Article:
I blame the craft shows. Such beautiful yarn! That’s what we knitters and crocheters call all the various combinations of plastic and fibre that can be spun into thread. Once you buy the yarn, then what? I’ve got my knitting skills up to such a point that I can knit a whole scarf with only a few wonky bits in it. But what then? Knitting actual garments is quite a giant step up and requires commitment and determination and a ton of yarn. I had a look at patterns for knitted beanies, but most of them involve circular needles and it turns out that if you want to make a beanie, you should crochet it.
Why didn’t I get my Nanna to teach me to crochet when she was compos mentis and also alive? I wasn’t even crafting at all then, I was busy getting married and travelling and having kids. It’s a lot easier to have someone teach you to crochet than teaching yourself over the Internet, but it will take your mind off your homicidal thoughts of the bathroom supply shop owner. I guess I could have travelled up to my Grandma’s retirement village to get one of her buddies to teach me (she didn’t knit, crochet, sew or cook, she spent all her time coping with an extremely difficult, but delightful, husband), but I thought I could manage.
Ha. I don’t know if you’ve tried, but to save you the effort here’s how it goes. There’s reams of instructions on starting to crochet. Descriptions of hooks, yarn weights. The most painstaking instructions and diagrams of how to form a crocheted chain. Then, with no warning,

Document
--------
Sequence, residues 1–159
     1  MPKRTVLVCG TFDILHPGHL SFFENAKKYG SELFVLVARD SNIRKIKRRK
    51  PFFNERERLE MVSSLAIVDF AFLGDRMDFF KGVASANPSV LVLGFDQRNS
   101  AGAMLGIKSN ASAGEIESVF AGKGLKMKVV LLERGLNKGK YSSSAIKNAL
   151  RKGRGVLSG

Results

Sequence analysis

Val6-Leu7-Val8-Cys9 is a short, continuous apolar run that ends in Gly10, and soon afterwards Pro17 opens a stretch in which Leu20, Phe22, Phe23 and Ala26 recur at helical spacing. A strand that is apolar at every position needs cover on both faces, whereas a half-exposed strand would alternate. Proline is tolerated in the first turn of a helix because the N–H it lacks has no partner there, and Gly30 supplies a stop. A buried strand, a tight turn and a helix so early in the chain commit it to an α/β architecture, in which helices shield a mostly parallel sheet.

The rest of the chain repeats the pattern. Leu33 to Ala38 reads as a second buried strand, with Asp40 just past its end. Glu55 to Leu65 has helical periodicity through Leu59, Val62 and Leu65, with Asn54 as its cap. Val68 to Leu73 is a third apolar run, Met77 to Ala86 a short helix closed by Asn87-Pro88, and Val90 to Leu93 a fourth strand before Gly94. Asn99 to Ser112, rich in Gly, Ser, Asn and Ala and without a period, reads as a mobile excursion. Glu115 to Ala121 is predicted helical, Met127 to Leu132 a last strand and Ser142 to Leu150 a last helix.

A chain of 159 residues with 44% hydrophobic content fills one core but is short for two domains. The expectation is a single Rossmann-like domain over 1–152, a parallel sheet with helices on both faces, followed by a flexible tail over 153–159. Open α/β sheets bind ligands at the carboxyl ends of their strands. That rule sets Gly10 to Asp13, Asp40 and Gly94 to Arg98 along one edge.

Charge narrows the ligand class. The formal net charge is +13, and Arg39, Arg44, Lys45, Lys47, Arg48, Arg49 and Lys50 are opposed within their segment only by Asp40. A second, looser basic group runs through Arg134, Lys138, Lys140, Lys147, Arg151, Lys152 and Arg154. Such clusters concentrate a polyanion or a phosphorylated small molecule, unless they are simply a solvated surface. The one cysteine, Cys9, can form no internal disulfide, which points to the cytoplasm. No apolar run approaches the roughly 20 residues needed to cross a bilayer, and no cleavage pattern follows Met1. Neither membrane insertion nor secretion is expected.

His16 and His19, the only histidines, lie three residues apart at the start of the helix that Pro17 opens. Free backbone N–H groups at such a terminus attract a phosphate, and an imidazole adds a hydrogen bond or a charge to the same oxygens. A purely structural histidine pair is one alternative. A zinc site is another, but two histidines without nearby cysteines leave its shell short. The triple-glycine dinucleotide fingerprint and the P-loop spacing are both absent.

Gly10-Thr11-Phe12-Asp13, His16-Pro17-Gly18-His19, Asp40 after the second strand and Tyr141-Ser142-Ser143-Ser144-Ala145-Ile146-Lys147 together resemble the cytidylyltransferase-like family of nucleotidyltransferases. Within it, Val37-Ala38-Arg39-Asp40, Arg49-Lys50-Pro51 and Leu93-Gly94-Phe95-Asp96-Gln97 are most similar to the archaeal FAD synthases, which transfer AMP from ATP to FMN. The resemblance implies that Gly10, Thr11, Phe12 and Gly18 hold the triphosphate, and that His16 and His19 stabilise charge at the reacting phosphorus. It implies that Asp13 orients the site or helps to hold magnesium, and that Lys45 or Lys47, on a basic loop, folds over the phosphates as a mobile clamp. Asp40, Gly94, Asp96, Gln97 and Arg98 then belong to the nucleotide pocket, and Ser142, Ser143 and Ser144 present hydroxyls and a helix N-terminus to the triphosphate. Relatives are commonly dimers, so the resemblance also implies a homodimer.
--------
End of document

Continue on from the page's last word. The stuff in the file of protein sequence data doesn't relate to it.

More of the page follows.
Ch3 (counts as dc), 2dc in same st, skip 2 dc, *FPtr in next dc, ch1, BPtr in next dc, ch1, FPtr in next dc, skip 2 dc **, 3dc in next 2dc, skip 2dc; repeat from * around, ending last repeat at **.
Well, I ask you. The hell?!?
What you do next is to teach yourself some simple stitches. Look up double crochet on a site called Crocheting for Dummies, and make a circle of that.
I don’t do video, I hate waiting for it to download, and I don’t know, it just irks me. I want a diagram. I had a breakthrough realisation that you can crochet a stitch into the stitch underneath more than once, and sometimes you skip stitches. Then I found a pattern for a beanie I wanted to make with some terrific rainbow coloured wool I found at Spotlight, which was unusual, they tend to specialise in cheap plastic imitations of wool, and looked up each individual stitch on the Crocheting for Dummies site. This hat was mainly FPdc and BPdc, so I eventually worked out those. Note, they’re hard to start off, but once you have a round of them it gets much easier.
Getting that far was tricky, it involved a great deal of mental strength to ignore helpful comments from my offspring such as “that doesn’t look like a hat”, “is that the same as Chinese crochet? I saw a Chinese lady once with a ball of wool and a stick, is this the same?”, “why do some Chinese ladies have bobbed hair?”, “why isn’t six times eight the same as seven times seven?”. Actually that last one’s quite a good question, I’ll have to sit down with some xs and ys some time and work it out. Not now though, I have some schnitzelling to do, and I can’t stop crocheting.
Because now I have this!
It does look like a hat, you just keep going 3BPdc, 3FPdc until you have it big enough. Now the littler two both want one, and I loved the wool so much I went back to Spotlight and bought the remaining couple of balls of it, so don’t think you can go up to Birkenhead Point and get some of your own, it’s all gone. The fabulous thing is you can do it without too much concentration, so you can do it while listening to tales of woe and joy from school and work, while watching Harry Potter AGAIN, while watching the Muffet climb what looks like a curtain and hang upside down from it,
When I’ve done two of these, I’m going to do a black and white one to a different pattern for the husband, and who knows what after that. It’s very relaxing, and hard to stop, just one more round! Oh, I’ll still be beading and baking, baking rather more so, don’t worry. But while doing so, I shall have a warm head.